you are really interested in.

    They called it a horizontal entrance. What he did was create a great free
    offer that targeted the digital photography niche. But it did not directly compete
    with the usual DP products, etc.

    He did some good research and created an ebook that explained how digital
    photography enthusiasts can sell their photos. Cool, huh? The thing he stressed
    was that his ebook was extremely well-researched and provided excellent value.

    That horizontal approach, as they called it, worked very well, and he just built a
    list from that. There were other elements in his overall strategy, but that's
    basically how he got his foot in the door in a highly competitive niche.

    You can do the same thing, too.

    So perhaps you can implement Kay's suggestion, and then to satisfy your primal
    needs for something to work on that offers more satisfaction, which is totally
    understandable, you can begin working on your horizontal entrance into that
    other niche.

    Hope that helps, some.

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  • Profile picture of the author maggie2
    I've built a couple of sites and taken them down. I not only took them down, I also lost all the content. That was dumb, dumb, dumb! I can tell you! I have also tried to build sites that I don't have a real passion for and I find the same's really difficult to keep on with the site. However, I've been able to do so with one site and it's doing okay. I can feel for 'ya though. Been there done that. Hope I've learned my lesson! Let us know what you decide to do and good luck.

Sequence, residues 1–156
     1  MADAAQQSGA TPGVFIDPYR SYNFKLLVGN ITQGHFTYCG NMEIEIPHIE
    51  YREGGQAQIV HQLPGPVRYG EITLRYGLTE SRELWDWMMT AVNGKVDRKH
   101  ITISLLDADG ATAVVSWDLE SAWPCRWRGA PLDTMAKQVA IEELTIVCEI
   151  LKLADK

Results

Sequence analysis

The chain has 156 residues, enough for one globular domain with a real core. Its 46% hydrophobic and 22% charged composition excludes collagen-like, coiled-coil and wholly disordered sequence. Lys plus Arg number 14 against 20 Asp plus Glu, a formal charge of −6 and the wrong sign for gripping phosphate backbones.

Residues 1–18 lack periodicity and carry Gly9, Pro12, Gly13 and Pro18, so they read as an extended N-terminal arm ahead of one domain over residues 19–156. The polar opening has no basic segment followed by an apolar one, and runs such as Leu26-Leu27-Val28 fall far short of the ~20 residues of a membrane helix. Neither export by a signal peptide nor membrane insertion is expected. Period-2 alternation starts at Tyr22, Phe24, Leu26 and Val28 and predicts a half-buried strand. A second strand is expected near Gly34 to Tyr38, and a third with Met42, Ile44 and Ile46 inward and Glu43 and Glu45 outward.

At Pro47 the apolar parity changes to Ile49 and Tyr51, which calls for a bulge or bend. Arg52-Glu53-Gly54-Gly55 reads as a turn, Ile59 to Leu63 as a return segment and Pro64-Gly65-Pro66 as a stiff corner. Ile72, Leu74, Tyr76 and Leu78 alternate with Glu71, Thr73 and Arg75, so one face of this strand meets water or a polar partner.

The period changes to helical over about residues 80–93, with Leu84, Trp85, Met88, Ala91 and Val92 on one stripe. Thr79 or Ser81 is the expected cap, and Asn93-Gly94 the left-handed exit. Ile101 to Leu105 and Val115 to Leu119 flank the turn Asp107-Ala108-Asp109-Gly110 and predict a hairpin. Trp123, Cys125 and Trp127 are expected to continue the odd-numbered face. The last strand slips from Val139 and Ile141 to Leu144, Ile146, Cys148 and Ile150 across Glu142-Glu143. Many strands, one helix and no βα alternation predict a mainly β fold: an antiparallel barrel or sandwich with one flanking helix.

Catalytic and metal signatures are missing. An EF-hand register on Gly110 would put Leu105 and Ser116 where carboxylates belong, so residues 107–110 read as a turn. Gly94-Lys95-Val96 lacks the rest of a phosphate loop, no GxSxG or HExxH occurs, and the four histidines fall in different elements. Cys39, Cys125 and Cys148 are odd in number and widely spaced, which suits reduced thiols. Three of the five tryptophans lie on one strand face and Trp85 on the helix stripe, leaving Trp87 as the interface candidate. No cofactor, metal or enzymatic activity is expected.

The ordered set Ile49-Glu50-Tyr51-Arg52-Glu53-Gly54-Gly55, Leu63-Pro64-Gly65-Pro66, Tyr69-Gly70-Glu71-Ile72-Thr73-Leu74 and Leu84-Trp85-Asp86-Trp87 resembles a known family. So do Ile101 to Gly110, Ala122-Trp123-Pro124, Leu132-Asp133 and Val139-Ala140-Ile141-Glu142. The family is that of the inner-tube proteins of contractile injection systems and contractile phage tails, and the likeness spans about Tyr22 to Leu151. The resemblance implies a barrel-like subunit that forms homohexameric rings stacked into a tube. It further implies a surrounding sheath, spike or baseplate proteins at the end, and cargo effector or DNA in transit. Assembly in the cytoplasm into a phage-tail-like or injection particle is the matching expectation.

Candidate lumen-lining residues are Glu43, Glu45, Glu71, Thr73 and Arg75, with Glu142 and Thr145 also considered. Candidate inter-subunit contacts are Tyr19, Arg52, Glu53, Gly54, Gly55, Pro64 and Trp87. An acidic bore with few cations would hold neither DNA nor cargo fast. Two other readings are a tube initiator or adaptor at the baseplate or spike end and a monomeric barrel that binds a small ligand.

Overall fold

I think the idea of flipping the site is excellent. Wish I had known about flipping sites when I took mine down.


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  • Profile picture of the author Clyde
    As long as it's making you a profit, I say do it.

    You can outsource writing stuff you don't know about.

    Generate Unlimited Number of Micro Niche Keywords, Multi-threaded EMD Finder PLUS More!

    50% OFF WSO.
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    • Profile picture of the author Harold Lindsey
      If you have already done the work, I would like Kay says, write a few more articles, place some interesting videos on it. And if you can install a little auto posting on it. and then setup adsense on every page.... And then move to something that you are interested in. Even if there is a lot of competition, you can still find a micro-niche inside of the bigger niche which you can develop yous USP. "Something that will make you stand out from the competition from inside of your micro-niche."